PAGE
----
I am 81 years old. What are the pros and cons of a reverse mortgage?

August 14, 2016

There are a number of pros and cons with a reverse mortgage. These loans are quite complicated and are definitely not for everyone. Read on to learn the scoop.

© 2016 Richard Montgomery

Reader Question: Reverse mortgages, good or bad. What to look for and avoid. I’m 81; it’s our primary residence, no mortgage – free and clear. We have a $1,000,000 second home that will go to our kids who all are well off. We just want to use some of our equity for travel. Your thoughts? John P.

Monty’s Answer: There is not enough information about your personal circumstances to comment on if a Home Equity Conversion Mortgage (HECM) is best for you. Federal law requires mortgage lenders to lend money to all consumers, even those in “protected classes,” one of which is age. So it is very likely you are eligible for the HECM mortgage if you qualify.

Primary structure of the HECM

  • Loan Value Ratio is based on life expectancy. The older the borrower the higher the Ratio of Loan to Value.
  • Both husband and spouse must be 62 or older if an under 62 spouse desires to remain on the title.
  • Must attend a financial counseling session to demonstrate an understanding of the loan.
  • When you move out or sell the house, you must repay the interest and principal on the loan.
  • The property must be kept in good repair or risk foreclosure.
  • Insurance and real taxes must always be current or risk foreclosure.
  • If certain health conditions exist 12 months or longer, the loan becomes due and payable.
  • In a situation where the loan balance exceeds the property value the estate can execute a deed in lieu of foreclosure and the house goes to the lender, or the estate can purchase the property for 95% of the property value. The value is determined by an appraisal ordered by the lender at the time the loan becomes due and payable.
  • Verification of income, assets, credit history, and monthly living expenses is necessary.

About HECM products

There are three different sources of the HECM. A loan product developed by a private lender, a local government agency or nonprofit organization, and the Federal Housing Administration (FHA). There are also three different types of HECM loans. The amount one can borrow with FHA depends on the age of the youngest borrower, the current interest rate and a formula involving the $625,500 maximum loan, the appraisal and the sale price of the home (if you are buying down). A private product may have different features.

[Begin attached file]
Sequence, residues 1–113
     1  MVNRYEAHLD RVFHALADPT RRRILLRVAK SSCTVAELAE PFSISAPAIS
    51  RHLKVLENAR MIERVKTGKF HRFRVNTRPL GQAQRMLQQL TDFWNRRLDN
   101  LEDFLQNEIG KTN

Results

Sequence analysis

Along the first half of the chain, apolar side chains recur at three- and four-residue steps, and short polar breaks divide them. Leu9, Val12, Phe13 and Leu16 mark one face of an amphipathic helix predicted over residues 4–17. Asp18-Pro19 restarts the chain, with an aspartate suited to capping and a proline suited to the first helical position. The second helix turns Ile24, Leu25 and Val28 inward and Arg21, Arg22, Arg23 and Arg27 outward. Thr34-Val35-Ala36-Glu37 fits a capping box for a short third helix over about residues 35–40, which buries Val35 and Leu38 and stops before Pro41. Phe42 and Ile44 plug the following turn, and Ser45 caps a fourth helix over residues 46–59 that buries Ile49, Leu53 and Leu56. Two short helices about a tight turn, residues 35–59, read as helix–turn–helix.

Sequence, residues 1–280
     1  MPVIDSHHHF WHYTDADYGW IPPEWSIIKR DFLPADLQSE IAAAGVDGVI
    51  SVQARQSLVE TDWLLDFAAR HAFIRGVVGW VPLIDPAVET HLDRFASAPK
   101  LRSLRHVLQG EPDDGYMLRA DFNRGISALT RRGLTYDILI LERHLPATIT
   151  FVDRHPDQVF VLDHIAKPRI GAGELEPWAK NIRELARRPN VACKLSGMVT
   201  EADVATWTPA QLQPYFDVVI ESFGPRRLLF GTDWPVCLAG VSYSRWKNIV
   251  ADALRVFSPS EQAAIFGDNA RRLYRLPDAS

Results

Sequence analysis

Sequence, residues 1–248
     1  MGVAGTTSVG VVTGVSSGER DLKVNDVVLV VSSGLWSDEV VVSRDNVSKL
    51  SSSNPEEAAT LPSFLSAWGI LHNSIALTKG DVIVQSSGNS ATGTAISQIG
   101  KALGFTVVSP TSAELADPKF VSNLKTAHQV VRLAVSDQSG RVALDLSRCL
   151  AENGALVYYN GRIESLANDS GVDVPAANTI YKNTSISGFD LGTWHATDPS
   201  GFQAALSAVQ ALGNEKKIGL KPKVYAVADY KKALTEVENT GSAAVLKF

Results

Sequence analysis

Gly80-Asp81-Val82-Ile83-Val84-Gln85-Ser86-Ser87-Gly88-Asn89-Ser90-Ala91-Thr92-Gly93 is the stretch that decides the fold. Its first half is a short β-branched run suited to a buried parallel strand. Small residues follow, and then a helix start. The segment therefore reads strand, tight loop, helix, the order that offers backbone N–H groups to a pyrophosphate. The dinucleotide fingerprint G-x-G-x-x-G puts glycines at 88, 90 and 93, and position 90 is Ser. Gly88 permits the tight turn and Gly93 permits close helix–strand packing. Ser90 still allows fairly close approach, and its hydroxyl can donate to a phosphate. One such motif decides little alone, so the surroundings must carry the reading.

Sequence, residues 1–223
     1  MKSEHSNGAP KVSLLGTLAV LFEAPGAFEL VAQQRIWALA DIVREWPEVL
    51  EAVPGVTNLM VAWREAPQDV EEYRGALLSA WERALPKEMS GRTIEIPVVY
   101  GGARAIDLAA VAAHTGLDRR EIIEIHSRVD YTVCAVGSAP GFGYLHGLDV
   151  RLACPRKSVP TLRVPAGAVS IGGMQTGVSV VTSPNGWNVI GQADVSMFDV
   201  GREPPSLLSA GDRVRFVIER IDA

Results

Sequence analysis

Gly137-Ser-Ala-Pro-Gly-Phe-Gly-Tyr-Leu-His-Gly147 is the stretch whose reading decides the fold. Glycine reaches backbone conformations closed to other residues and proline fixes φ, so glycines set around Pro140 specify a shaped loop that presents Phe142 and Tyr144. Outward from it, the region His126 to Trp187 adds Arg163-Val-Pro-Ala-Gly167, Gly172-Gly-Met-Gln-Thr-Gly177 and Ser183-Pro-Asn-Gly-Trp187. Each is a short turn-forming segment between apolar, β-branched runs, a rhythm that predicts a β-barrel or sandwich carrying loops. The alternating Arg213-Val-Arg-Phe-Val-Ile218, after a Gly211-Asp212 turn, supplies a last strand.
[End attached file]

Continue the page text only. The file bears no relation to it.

Never having obtained the HECM as a disclosure, the pros, and cons of the HECM product are:

Pros

  1. Borrowing against your equity only.
  2. No monthly payments.
  3. Disbursement is not taxable.
  4. Funds can be disbursed monthly, lump sum, or through a line of credit.
  5. Income is a factor, but to a lesser degree than a conventional loan.

Cons

  1. Reverse mortgages do not impact Social Security or Medicare. But certain circumstances could impact government programs such as Medicaid, or other state or local programs such as heating assistance.
  2. You cannot deduct interest until you pay off the loan.
  3. Lender closing costs and fees are higher than traditional loans.
  4. Retain typical homeowner expenses as insurance, utilities, real estate taxes, HOA fees and more.
  5. The loan is complicated, which is why counseling is required. Complex loans lend themselves to misunderstandings and even fraud. Here is an article that ran in the Wall Street Journal some years ago. This link to a Federal Trade Commission article has additional information including how to spot scams and high-pressure tactics.

From your brief description, it is possible you have other alternatives that may achieve your travel goals without using the HECM. Consider starting a conversation with your accountant, if you have not done so already. Estate planning concepts may offer other solutions, such as some loan against assets like stock, bonds or IRA’s. Another option may be selling some of those same holdings.

Consider investigating the concept of senior living communities. They come with different ideas, price ranges, and amenities, and many seniors find one that fits into their lifestyle. Here is an article about senior living you may find helpful. Your current housing situation is not clear in your question, but depending on the value of your home, you may be able to sell your current home and buy a smaller home. Here you raise free cash and have no loan. If you chose to rent instead of buying a smaller home, you would have even more money to travel.

Reverse mortgages are not for everyone

The perfect fit for a reverse mortgage is an older senior whose retirement program has gone sour; their spouse has passed away, and a need for some limited health care assistance in the near term. They had depleted their funds, and death and illness have cut into the social security income. All they have left is the equity in the house. A reverse mortgage allows the surviving spouse to live in their home for a significant period. Most seniors prefer “ Aging in place. ”